Do not reply to spammers, for any reason.

“Spam”, or unsolicited bulk e-mail, is something you are probably already familiar with (and tired of). If you get a spammed advertisement, certainly don’t take the sender up on whatever offer they are making, but also don’t bother replying with “REMOVE” in the subject line, or whatever (probably bogus) unsubscribe instructions you’ve been given). This simply confirms that your address is being read by a real person, and you’ll find yourself on dozens more spammers’ lists in no time.

If you open the message, watch your outgoing mail queue to make sure that a “return receipt” message was not generated to be sent back to the spammer automatically. (It is best to queue your mail and send manually, rather than send immediately, so that you can see what’s about to go out before it’s actually sent. You should also turn off your mailer’s automatic honoring of return receipt requests, if any.) If you have a good Internet service provider, you may be able to forward copies of spam e-mail to the system administrators who can route a complaint to the ISP of the spammer (or if you know a lot about mail headers and DNS tools, you can probably contact these ISPs yourself to complain about the spammer.) If you are getting spammed a lot, there are a variety of filters and anti-spam services available.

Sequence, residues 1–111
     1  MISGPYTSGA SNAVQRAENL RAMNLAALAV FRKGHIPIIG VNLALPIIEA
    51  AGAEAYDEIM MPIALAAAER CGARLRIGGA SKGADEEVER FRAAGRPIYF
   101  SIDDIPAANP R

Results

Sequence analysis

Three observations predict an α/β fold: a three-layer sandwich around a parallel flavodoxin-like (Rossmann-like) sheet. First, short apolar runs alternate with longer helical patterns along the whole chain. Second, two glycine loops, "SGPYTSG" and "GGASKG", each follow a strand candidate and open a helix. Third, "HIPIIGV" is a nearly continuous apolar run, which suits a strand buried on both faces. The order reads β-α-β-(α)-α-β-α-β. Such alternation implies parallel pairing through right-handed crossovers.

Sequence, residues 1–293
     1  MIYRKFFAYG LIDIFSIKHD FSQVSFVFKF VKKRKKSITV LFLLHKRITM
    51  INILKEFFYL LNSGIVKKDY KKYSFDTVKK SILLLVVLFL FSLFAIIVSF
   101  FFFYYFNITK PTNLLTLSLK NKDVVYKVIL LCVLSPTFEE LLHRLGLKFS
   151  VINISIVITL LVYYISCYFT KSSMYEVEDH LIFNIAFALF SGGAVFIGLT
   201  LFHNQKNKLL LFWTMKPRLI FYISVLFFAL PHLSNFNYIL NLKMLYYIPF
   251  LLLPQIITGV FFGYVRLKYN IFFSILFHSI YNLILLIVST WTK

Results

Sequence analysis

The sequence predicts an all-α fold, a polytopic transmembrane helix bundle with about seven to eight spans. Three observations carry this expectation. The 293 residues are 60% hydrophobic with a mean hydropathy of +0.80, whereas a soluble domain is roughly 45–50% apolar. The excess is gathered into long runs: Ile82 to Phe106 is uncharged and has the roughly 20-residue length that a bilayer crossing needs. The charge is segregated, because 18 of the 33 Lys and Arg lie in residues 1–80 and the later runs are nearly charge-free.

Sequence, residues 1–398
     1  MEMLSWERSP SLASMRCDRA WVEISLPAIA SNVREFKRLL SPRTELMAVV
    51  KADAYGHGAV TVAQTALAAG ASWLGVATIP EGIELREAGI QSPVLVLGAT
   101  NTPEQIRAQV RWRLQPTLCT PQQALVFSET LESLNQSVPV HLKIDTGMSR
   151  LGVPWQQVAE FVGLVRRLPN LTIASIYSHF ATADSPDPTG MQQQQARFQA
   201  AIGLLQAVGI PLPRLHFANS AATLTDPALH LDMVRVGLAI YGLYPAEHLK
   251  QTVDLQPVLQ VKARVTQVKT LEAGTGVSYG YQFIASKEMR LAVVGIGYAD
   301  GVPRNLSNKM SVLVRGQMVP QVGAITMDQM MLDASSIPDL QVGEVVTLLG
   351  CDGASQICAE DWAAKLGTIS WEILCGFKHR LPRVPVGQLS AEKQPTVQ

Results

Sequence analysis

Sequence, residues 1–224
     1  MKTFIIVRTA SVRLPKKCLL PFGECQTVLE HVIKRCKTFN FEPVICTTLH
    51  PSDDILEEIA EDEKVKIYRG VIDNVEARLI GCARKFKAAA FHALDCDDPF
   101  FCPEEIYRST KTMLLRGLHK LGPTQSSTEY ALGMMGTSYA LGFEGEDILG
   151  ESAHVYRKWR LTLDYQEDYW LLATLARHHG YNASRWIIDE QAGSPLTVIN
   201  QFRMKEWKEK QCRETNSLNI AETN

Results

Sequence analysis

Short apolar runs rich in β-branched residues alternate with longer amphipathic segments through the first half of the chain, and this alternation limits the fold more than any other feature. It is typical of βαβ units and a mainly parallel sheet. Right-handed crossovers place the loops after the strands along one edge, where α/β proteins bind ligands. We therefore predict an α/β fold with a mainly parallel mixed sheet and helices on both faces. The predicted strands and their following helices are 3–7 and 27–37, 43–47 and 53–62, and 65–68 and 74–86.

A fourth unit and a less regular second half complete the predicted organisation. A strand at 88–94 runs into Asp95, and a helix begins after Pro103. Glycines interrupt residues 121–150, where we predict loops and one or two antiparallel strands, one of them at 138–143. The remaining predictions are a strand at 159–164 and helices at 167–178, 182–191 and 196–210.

Use encryption!

There are many other privacy threats besides abusive marketers, nosy bosses, spammers and scammers. Some of the threats include industrial espionage, government surveillance, identity theft, disgruntled former associates, and system crackers. Relatively easy-to-use e-mail and file encryption software is available for free, such as Pretty Good Privacy (PGP), which runs on almost all computers and even integrates seamlessly with most major e-mail software. Good encryption uses very robust secret codes that are difficult if not impossible to crack, to protect your data. Hopefully some day soon, good encryption and computer security will simply be included in all ISP services and operating systems, but for now you have to actively seek out good service providers and add-on products.

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